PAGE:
(A): A - Attack, B - Retreat, C - Attack, D - Attack; (B): A - Attack, B - Retreat, C - Retreat, D-Retreat. (C) A - Attack, B - Retreat, C - Retreat D - Retreat, (D) A - Attack, B - Retreat, C - Retreat, D-Retreat.

In this case, B is fooled into thinking that C and D are in agreement of retreating, and will retreat. In the case of two traitors, it is impossible for them to be overcome.

Lastly, ask general D to sit down. Ask the class:

In the first round of messages, C can tell A to attack and B to retreat. In the second round however, C can forward seperate messages to A and B.

A could then write the following: (A): A - Attack, B - Retreat, C - Attack; (B): A - Attack, B - Retreat, C - Retreat; (C) A - Attack, B - Retreat, C - Attack.

In this scenario, while B correctly reports that C told them to retreat, the majority decision for C is two attacks and one retreat. So, A will interpret C’s decision as “attack”, and will attack.

Likewise, B can write the following: (A): A - Attack, B - Retreat, C - Attack; (B): A - Attack, B - Retreat, C - Retreat; (C) A - Attack, B - Retreat, C - Retreat.

In this case, while A correctly reports that C reported to attack, the majority of B’s messages indicate that C indicates to retreat. Therefore, B will interpret C’s decision as “retreat”, and will retreat.

Conclude with the fact that in order for loyal generals to defeat traitors, there must be at least over three times as many loyal generals as traitors (i.e. 3t +1, where t is the number of traitors). (Lloyd1994) also recommends telling students that while the above dramatization is useful for exploring the problem, formal proof methods are necessary to make the argument correctly to computer scientists.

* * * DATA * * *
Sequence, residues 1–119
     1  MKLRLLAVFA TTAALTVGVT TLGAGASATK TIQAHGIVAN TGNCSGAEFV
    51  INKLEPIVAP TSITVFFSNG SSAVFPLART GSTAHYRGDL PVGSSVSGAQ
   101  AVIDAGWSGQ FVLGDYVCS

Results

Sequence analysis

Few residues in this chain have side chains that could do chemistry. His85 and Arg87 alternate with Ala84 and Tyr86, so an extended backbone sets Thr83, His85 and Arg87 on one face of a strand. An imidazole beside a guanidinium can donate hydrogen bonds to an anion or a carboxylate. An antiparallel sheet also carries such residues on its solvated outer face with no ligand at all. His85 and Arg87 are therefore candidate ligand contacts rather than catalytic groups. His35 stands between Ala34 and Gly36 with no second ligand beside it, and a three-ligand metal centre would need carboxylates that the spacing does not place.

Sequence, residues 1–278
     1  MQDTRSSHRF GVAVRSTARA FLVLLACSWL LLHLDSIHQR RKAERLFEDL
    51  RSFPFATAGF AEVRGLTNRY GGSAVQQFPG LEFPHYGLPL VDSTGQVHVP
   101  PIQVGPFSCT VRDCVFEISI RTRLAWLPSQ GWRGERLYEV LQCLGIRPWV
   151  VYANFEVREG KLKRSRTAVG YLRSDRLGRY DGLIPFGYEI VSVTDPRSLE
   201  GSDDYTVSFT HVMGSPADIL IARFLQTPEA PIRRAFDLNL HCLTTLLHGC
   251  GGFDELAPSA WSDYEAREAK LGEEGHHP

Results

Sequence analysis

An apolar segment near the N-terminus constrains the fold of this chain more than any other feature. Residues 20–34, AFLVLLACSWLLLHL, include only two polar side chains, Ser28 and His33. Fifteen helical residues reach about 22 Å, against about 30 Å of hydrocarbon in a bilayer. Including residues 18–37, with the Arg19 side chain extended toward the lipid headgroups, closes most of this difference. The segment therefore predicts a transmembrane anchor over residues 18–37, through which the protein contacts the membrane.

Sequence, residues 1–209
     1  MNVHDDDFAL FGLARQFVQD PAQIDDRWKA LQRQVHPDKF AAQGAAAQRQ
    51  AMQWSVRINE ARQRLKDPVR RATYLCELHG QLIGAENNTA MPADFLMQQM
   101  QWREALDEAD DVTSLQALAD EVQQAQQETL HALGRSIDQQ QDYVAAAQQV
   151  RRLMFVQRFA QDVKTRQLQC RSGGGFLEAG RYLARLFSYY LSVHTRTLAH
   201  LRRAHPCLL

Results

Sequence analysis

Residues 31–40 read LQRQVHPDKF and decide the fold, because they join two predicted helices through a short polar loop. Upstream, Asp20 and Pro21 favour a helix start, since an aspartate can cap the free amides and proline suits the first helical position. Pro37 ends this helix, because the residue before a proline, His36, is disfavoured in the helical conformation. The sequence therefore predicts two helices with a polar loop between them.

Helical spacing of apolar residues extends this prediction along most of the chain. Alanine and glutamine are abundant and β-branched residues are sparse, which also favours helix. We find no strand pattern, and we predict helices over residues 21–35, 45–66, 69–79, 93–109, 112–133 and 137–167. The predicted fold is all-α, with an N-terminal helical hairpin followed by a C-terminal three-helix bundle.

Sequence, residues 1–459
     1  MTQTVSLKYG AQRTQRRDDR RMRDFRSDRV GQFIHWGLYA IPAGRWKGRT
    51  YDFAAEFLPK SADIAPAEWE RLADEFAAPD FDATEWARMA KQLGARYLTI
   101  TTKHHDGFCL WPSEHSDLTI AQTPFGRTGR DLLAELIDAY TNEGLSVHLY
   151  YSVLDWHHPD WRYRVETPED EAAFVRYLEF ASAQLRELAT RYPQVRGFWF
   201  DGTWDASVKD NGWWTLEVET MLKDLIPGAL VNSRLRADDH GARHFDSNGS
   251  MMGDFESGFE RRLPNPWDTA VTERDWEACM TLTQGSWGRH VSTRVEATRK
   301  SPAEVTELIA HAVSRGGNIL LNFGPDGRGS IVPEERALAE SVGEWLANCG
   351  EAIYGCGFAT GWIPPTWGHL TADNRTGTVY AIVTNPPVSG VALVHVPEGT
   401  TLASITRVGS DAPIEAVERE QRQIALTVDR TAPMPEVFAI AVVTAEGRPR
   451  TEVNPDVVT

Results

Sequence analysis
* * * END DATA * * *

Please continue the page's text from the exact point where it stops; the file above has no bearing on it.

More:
Relating it to Distributed Computing

Each general represents a process executing on a separate distributed processor. A traitor represents an unpredictably faulty processor. The entire army represents a distributed computer system in which separate elements cooperate to achieve a task. Prime questions for discussion include:

Lastly, the instructor can guide discussions on more advanced issues related to viruses, hacking, and encryption. For example, message passing amongst generals can be used to illustrate encryption techniques. Lastly, the instructor can relate the Byzantine General problem to the construction of the block-chain.


CS2013 Knowledge Unit Coverage

Distributed Systems (Elective)

9. Give examples of problems for which consensus algorithms such as leader election are required. [Usage]

Cloud Computing (Elective)

2. Explain strategies to synchronize a common view of shared data across a collection of devices. [Familiarity]


TCPP Topics Coverage

Programming Topics

Algorithm Topics

Cross Cutting and Advanced Topics



Accessibility

Blind students may have issues with this activity (playing the role of generals, unless Braille (attack/retreat) cards are provided in advance for them to receive.

We don’t anticipate this study to be difficult for mobility impaired students, since they can sit in a corner of the classroom.


Assessment

While formal assessment is not provided, the author reports that they “have found it to be one of the most popular topics covered” in the high school and CS1 environments (Lloyd1994).


Citations